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I have a dataset of around 200GB.

The sample is shown below:

Posted a new song: "Ensaio Don`t back anger & imagine- Stone Rocks " http://t.co/i9TqakT38t #music  460523675293196289  1308622848  0   0   Sun Apr 27 20:59:34 +0000 2014  nc  f   nr
Posted a new song: "Led Zeppelin- Black Dog Feat. RockSauro" http://t.co/Scdo6ncIc1 #music  460454112694263809  13086228298 0   0   Sun Apr 27 16:23:09 +0000 2014  nc  f   nr 

This data is in a text file. I have created a table and importing this data into mysql by using the command:

mysqlimport --local -u root -pxxx twitter_data '/home/abc/alltweet.txt' 

How can I check how much data has been loaded in mysql table. Actually this command is running since 10 hours and count(*) is giving me zero count.

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I recommend you to import the text file in batches, that will allow you easier monitoring of the progress by committing from time to time. This can easily be achieved with tools like pt-fifo-split from Percona. The first example you can see on that page is what you should do, changing the cat for the mysqlimport.

The reasons you are seeing 0 rows is because you are importing to an InnoDB table and that means that its insert won't be seen until the process is complete. There are two way in which you can monitor the progress:

  • If you are using innodb_file_per_table (default on since MySQL 5.5), you should see an increasing in size table called something like alltweet.ibd inside the twitter_data directory on your datadir. You can check the location of your datadir by executing:

    SHOW GLOBAL VARIABLES like 'datadir';
    

    By default it is usually on /var/lib/mysql.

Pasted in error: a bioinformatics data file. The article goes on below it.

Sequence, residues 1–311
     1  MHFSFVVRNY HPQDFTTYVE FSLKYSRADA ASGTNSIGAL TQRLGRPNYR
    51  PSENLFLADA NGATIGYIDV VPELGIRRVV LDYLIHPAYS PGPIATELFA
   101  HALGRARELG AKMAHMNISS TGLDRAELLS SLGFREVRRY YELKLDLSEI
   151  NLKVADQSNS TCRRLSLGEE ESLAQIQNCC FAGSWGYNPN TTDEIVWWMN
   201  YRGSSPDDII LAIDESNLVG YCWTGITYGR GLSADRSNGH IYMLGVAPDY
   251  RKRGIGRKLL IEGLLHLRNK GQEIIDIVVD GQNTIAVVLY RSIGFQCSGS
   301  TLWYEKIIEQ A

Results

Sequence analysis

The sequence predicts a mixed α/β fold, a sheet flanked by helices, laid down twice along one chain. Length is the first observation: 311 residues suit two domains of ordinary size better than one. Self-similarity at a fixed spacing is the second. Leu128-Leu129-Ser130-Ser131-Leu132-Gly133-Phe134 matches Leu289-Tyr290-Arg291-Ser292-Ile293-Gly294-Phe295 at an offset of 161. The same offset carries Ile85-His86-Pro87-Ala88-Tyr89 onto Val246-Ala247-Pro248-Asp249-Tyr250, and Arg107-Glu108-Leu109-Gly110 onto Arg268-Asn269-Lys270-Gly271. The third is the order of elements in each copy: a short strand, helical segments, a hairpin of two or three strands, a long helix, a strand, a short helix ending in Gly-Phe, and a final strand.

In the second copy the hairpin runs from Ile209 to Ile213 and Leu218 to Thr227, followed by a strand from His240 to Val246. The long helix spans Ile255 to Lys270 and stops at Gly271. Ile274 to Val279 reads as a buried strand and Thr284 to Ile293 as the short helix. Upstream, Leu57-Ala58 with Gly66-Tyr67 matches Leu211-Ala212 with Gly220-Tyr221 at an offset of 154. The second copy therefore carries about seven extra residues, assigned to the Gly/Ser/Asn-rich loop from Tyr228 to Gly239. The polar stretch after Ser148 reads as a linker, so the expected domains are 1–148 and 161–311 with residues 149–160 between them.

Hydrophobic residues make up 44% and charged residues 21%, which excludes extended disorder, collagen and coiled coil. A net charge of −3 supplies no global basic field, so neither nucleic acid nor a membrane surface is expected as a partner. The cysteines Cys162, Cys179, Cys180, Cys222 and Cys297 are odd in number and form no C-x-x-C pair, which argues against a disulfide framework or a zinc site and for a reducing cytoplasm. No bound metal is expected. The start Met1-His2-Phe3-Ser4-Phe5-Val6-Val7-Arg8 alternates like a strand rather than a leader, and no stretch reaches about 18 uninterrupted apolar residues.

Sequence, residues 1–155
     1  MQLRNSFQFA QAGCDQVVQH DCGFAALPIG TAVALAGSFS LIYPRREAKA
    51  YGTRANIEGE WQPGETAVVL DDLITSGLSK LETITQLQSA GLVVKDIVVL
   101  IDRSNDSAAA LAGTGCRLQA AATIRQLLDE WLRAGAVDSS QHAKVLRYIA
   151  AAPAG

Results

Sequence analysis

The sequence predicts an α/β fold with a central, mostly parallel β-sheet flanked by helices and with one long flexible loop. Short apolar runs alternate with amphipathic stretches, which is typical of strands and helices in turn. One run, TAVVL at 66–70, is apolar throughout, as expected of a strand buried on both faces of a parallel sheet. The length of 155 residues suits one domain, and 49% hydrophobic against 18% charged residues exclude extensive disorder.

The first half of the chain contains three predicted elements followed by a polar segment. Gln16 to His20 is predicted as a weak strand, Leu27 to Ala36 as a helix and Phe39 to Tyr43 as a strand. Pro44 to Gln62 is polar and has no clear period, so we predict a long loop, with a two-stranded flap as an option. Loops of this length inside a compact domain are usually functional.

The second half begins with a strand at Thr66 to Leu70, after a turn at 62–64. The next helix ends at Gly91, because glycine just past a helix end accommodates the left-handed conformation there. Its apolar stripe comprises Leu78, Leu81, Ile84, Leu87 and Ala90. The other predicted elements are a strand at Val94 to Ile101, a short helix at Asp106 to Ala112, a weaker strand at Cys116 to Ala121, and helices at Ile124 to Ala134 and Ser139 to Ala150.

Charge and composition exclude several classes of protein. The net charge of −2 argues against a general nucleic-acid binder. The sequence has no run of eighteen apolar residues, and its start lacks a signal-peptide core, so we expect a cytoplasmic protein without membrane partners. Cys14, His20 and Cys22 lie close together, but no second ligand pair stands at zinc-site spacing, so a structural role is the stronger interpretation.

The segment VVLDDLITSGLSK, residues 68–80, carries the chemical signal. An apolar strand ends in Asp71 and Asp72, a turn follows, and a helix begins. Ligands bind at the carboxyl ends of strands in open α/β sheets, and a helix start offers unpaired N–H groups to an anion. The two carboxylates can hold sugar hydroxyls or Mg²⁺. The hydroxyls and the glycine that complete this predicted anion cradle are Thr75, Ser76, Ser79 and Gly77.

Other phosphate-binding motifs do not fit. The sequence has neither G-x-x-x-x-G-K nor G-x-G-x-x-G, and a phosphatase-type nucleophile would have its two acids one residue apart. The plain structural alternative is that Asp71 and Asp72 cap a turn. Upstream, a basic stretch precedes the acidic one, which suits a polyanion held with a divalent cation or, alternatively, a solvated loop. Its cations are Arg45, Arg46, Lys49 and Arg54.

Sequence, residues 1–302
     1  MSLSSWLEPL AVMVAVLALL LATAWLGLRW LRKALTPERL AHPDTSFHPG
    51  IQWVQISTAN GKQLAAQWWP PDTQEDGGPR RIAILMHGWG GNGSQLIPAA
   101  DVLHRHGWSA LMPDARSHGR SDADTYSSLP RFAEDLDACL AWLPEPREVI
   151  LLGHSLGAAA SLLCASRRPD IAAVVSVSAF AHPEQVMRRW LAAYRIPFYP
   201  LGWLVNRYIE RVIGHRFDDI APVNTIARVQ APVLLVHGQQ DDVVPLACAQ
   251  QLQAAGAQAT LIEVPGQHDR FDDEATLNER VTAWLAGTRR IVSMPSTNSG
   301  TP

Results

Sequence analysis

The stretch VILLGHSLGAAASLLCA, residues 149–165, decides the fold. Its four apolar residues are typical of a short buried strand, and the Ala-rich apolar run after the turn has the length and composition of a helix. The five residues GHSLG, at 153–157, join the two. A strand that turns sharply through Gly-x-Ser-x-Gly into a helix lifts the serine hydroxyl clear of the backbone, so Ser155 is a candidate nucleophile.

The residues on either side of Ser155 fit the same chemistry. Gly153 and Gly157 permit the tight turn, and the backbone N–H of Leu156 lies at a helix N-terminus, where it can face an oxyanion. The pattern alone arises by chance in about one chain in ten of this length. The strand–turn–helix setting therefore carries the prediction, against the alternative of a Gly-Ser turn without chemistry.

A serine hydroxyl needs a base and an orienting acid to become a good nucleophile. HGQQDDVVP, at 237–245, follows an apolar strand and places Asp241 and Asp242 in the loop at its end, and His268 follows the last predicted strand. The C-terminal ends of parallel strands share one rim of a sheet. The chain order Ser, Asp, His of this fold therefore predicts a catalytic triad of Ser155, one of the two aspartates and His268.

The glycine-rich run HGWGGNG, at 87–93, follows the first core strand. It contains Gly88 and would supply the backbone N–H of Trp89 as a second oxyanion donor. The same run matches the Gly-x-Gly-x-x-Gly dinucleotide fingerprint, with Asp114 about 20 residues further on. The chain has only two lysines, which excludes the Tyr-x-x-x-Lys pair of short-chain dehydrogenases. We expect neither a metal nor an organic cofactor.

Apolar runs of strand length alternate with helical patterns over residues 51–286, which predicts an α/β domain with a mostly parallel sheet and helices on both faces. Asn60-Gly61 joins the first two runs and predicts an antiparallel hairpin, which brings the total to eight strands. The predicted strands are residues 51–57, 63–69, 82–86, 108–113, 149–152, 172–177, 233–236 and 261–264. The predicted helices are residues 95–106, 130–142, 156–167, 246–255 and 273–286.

The size of that file will be roughly the size of the .txt file, maybe a bit larger (depending on the structure). That, and the progress in which it is growing can be an indicator of the time left.

  • Monitor the Handler_write status variable:

    SHOW GLOBAL STATUS like 'Handler_write';
    

    This will give you the number of rows inserted on your database. Assuming there is no other inserting activity, this can give you the number of inserts/second, which you can compare with the number of lines of the file.

As a reminder, both MariaDB and Percona Server have better defaults to show you the pending work remaining.

If you want to speed up the mass insertion using a .txt file, sometime ago I wrote a guide on how to speed it up. In summary:

  • Increase your transaction log size
  • Increase your buffer pool
  • Disable your double-write buffer
  • Use a recent version of MySQL
  • Split the file in several pieces and insert it in parallel
  • Thanks for your help. Actually I am working on a server machine on which I m not super user. Hence, can't access var/lib/mysql. Is there any other way to track the progress. Please let me know. – Saurabh Nov 28 '14 at 9:37
  • @Mona Did you read the SHOW GLOBAL STATUS like 'Handler_write'; option? – jynus Nov 28 '14 at 9:51

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